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Update on Oct. 27:
Everett Public Schools will pause on its plans to return students to school

School districts put a pause on the return to school plan

Chart from Snohomish Health District

New cases in Snohomish County were on the decline from July to September. The recent spike in cases has health district officials cautious about students returning to schools. The chart represents data as current as early October for the trend line of cases per 100,000.

SNOHOMISH COUNTY — The challenge of online schooling is apparent and the desire to go back to the classroom seems to outweigh the risk of COVID-19 in the eyes of students and parents. Despite this, school districts are forced to make the difficult decision; risk furthering the spread of COVID-19 or risk the mental health of students struggling with remote learning. 
The Snohomish Health District sent an email to all Snohomish County school districts on Oct. 12 requesting to pause planning of the return to schools.
 “We understand many of you had plans under way to have some students return later this week or next week. You may go ahead and continue with those plans if you’d like, focused specifically on K-3 and special needs students. Please hold off plans to layer in beyond that for now,” the email said.
Back in September, the health district released a statement stating the downward trend in cases warranted the possible return of the young and special education students. That is no longer the situation, unfortunately, case numbers have once again begun to rise. The health district is allowing schools to carry out plans to bring back select groups of students, but requests that no additional students be sent back until case numbers begin to fall.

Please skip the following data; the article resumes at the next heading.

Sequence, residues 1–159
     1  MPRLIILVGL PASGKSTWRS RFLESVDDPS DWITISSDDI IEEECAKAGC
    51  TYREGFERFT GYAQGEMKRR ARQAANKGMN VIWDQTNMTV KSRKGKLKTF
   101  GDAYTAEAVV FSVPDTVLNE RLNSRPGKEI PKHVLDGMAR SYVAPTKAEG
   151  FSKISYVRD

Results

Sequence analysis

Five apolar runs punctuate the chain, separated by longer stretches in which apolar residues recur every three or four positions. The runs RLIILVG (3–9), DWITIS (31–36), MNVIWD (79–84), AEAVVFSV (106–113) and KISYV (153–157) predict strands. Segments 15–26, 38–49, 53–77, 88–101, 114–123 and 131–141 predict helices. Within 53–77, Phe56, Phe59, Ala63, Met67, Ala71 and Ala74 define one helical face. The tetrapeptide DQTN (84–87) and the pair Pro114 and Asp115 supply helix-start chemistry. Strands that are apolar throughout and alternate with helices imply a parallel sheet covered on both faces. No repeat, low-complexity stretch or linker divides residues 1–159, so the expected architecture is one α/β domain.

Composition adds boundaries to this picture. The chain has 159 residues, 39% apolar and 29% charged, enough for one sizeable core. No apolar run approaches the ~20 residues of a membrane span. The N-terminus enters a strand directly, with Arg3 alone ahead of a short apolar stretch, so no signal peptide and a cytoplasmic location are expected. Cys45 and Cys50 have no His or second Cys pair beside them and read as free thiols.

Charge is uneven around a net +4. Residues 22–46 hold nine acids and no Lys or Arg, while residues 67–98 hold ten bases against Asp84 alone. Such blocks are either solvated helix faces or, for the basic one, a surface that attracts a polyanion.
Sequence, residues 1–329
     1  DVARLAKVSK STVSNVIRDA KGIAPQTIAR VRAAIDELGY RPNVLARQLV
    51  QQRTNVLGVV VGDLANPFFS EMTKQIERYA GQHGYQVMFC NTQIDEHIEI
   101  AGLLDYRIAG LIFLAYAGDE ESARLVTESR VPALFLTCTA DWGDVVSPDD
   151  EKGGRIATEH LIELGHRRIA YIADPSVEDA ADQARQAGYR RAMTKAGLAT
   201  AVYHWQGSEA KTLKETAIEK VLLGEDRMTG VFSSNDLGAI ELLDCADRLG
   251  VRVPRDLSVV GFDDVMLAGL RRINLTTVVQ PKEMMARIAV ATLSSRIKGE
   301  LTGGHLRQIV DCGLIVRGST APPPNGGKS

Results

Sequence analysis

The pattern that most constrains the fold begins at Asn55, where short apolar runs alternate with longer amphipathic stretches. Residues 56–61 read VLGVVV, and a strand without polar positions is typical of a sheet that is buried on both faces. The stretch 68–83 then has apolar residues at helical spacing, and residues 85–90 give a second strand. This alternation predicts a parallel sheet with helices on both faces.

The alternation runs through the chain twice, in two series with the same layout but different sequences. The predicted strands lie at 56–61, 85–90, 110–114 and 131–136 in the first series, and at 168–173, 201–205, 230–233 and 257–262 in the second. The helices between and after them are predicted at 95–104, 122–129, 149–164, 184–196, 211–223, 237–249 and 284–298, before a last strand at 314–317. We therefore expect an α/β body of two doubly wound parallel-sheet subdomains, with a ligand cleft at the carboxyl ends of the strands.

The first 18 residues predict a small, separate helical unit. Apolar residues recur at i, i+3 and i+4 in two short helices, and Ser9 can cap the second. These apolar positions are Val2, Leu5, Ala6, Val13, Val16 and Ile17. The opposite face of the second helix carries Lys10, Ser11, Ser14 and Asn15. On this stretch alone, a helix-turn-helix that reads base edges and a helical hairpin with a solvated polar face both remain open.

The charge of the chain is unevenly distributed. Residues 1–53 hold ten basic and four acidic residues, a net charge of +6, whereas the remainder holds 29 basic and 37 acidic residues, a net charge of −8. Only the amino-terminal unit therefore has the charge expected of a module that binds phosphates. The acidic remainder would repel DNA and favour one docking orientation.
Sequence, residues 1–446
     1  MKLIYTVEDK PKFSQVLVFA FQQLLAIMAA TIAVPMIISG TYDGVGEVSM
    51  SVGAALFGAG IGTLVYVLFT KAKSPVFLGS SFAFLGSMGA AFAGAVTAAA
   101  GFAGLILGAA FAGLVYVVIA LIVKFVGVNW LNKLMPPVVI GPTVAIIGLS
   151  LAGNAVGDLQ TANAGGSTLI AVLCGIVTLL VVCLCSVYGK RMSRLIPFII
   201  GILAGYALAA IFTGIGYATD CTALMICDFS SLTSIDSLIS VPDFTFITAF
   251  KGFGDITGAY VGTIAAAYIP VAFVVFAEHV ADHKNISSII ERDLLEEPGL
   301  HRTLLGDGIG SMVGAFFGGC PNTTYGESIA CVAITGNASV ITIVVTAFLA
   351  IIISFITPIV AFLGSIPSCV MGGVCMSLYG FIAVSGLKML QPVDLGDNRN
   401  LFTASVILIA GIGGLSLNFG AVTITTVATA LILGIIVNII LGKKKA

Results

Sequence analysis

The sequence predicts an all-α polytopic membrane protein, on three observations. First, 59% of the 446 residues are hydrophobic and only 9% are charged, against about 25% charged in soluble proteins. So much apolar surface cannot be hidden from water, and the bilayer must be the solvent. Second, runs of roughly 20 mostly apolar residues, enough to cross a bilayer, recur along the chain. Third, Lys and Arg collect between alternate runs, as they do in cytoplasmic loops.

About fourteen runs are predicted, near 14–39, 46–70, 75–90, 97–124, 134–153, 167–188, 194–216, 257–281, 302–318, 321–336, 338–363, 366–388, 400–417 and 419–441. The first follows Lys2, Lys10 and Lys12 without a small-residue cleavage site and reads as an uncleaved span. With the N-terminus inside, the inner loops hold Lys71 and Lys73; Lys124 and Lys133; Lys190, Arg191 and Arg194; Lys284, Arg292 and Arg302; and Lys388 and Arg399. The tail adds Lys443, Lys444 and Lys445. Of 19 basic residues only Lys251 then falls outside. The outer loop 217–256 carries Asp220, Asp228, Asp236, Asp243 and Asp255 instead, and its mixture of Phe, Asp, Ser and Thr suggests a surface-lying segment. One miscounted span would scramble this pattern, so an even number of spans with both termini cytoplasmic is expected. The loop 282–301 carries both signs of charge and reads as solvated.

The health district said the uptick in cases was higher than expected. The rolling two-week case count period, that ended Oct. 10, reported a case rate of 72 new cases per 100,000 people, in Snohomish County. The goal is less than 25 new cases in a two-week span, numbers the county has not seen since the beginning of June.
This increase in cases is expected to continue due to fall festivities like Halloween parties. The health district has also said they have received reports of “unofficial homecoming parties.” 
Although currently in the planning process, Snohomish and Everett school districts have yet to have students on campus full time, while Monroe School District had Kindergartners return to classrooms on Monday Oct. 12.
“In alignment with guidance from the Snohomish County Health District, we will wait at least three weeks before bringing any additional grade levels back for in-person learning,” Monroe School District spokeswoman, Tamra Krache said. “If at that time, COVID-19 activity in the schools and community remains stable or is improving, then we will proceed with bringing additional elementary grades back.”
The majority of the students within Snohomish County have been attending school 100% remotely since the beginning of the 2021-2022 school year. Snohomish, Everett and Monroe school districts have been planning for the return since August. 
Everett School District sent an email out to families on Friday, Oct. 16 thanking families for their patience and stating they are ready to bring the “most vulnerable students” back in the classroom. 
“Snohomish County Health District reported an increase in local COVID cases and cautioned return to the classroom for students unless plans were in place and they were high need students,” the email said. “Plans have been in motion for weeks to bring four groups of self-contained special education students back, and our goal is Nov. 2.”
About 175 students will be spread out across 19 Everett School District buildings to ensure social distancing. Special education students are not able to access the services they need in a remote learning setting.